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Cost-effectiveness in THA

The economic burden for healthcare systems is constantly increasing. An aging population leads to a rising number of surgeries, which are becoming more expensive every year. Consequently, healthcare providers are forced to pay attention to the overall costs. These include the direct costs of the surgery and the costs of outpatient services including medication, physiotherapy, and more. 

It is obvious that post-operative complications can result in the need for further outpatient services or even necessitate an implant revision that is very costly. Two major complications have been identified: adverse reactions to the implant and post-operative infections. Both need to be avoided at all costs.

Is Ceramic the Solution?

A recent study by Carnes et al.1 in the USA evaluated the differences in cost and outcomes of different bearing-materials in hip arthroplasty. The results showed that selecting a ceramic head saves costs at a price differential of US$325 for all Medicare patients younger than 85. At a cost differential of $600, the use of ceramic bearings is still cost effective in patients > 65 years of age.1 

Compared to other bearing materials, ceramic has outstanding material properties such as excellent biocompatibility due to chemical stability2,3,4, resistance to corrosion5, and abrasion resistance6. These properties lead to a lower risk of revision for lysis, ALTR8 or infection after surgery9. The number of associated and expensive revision procedures could therefore be reduced using ceramic implant materials. 

Black and white image of a middle-aged male doctor in a white coat and tie smiling at a male patient
A range of BIOLOX®delta implant products for the hip, providing value for patients

A Rethink is Necessary

A cheaper implant does not necessarily save money. As a result of the steady increase in younger patients who still work, postoperative complications can have costly consequences. The complications may lead to the patient being temporarily unable to work and therefore incur intangible costs. This has considerable effects not just on the quality of life of the patient but also for the social security system or the entire economy. A cost-effective solution encompasses all costs related to the intervention and contributes to the best clinical outcome. Thus, it is essential for all patients that the risk of revision is substantially reduced.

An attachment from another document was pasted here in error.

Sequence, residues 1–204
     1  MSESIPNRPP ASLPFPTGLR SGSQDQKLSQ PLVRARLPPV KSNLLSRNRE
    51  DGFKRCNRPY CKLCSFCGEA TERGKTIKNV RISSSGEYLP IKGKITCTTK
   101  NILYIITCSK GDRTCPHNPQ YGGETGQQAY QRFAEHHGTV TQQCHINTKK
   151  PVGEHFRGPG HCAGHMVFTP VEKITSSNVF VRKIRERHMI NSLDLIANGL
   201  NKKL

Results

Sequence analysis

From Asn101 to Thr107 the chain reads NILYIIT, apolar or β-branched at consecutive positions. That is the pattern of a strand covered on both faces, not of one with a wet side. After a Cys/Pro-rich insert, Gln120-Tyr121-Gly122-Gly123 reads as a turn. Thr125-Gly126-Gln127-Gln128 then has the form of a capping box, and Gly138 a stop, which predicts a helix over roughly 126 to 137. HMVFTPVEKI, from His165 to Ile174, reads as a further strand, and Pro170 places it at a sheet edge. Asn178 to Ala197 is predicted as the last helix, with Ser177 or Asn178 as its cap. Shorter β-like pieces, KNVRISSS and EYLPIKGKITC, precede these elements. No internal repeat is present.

BIOLOX®delta scores in terms of


  • High potential of being cost-effective for all patients regardless of age10
  • Arthroplasty registries data-set analyses demonstrate fewer material-related complications with ceramic-on-ceramic and ceramic-on-polyethylene which lead to lower postoperative costs compared to other bearing-couples8
A mainly black and white image of a surgeon examining an x-ray where a pink BIOLOX®delta femoral head is highlighted
BIOLOX® ceramics show a high potential for cost-effectiveness in THA.


1. Carnes KJ, Odum SM, Troyer JL, Fehring TK. Cost analysis of ceramic heads in primary total hip arthroplasty. J Bone Joint Surg Am. 2016;98(21):1794-1800. doi:10.2106/JBJS.15.00831.

2. Maccauro G, Cittadini A, Magnani G, Sangiorgi S, Muratori F, Manicone PF, Rossi Iommetti P, Marotta D, Chierichini A, Raffaelli L, Sgambato A. In vivo characterization of Zirconia Toughened Alumina material: a comparative animal study. Int J Immunopathol Pharmacol. 2010;23(3):841-846. doi:10.1177/039463201002300319.

3. Cunningham BW, Hallab NJ, Hu N, McAfee PC. Epidural application of spinal instrumentation particulate wear debris: a comprehensive evaluation of neurotoxicity using an in vivo animal mode. J Neurosurg Spine. 2013 19:336-350. doi:10.3171/2013.5.SPINE13166.

4. Asif I M. Characterisation and Biological Impact of Wear Particles from Composite Ceramic Hip Replacements.[PhD thesis]. Leeds, UK: University of Leeds; 2018. etheses.whiterose.ac.uk/20563. Accessed March 6, 2020.

5. Kretzer JP, Mueller U, Streit MR, et al. Ion release in ceramic bearings for total hip replacement: Results from an in vitro and an in vivo study. Int Orthop. 2018;42(1):65-70. doi:10.1007/s00264-017-3568-1.

6. Grupp TM, Holderied M, Mulliez MA, et al. Biotribology of a vitamin E-stabilized polyethylene for hip arthroplasty - Influence of artificial ageing and third-body particles on wear. Acta Biomater. 2014 Jul;10(7):3068-3078. doi:10.1016/j.actbio.2014.02.052.

7. Zietz C, Bergschmidt P, Lange R, Mittelmeier W, Bader R. Third-body abrasive wear of tibial polyethylene inserts combined with metallic and ceramic femoral components in a knee simulator study. Int J Artif Organs. 2013;36(1):47-55. doi:10.5301/ijao.5000189.

8. Wyles CC, McArthur BA, Wagner ER, Houdek MT, Jimenez-Almonte JH, Trousdale RT. Ceramic femoral heads for all patients? An argument for cost containment in hip surgery. Am J Orthop (Belle Mead NJ). 2016;45(6):E362-E366.

9. Lenguerrand E, Whitehouse MR, Beswick AD, et al. Risk factors associated with revision for prosthetic joint infection after hip replacement: a prospective observational cohort study. Lancet Infect Dis. 2018;18(9):1004-1014. doi:10.1016/S1473-3099(18)30345-1.

10. Kurtz SM, Lau EC, Baykal D, Odum SM, Springer BD, Fehring TK. Are ceramic bearings becoming cost-effective for all patients? J Arthroplasty. 2018;33(5):1352-1358. doi:10.1016/j.arth.2017.12.011.

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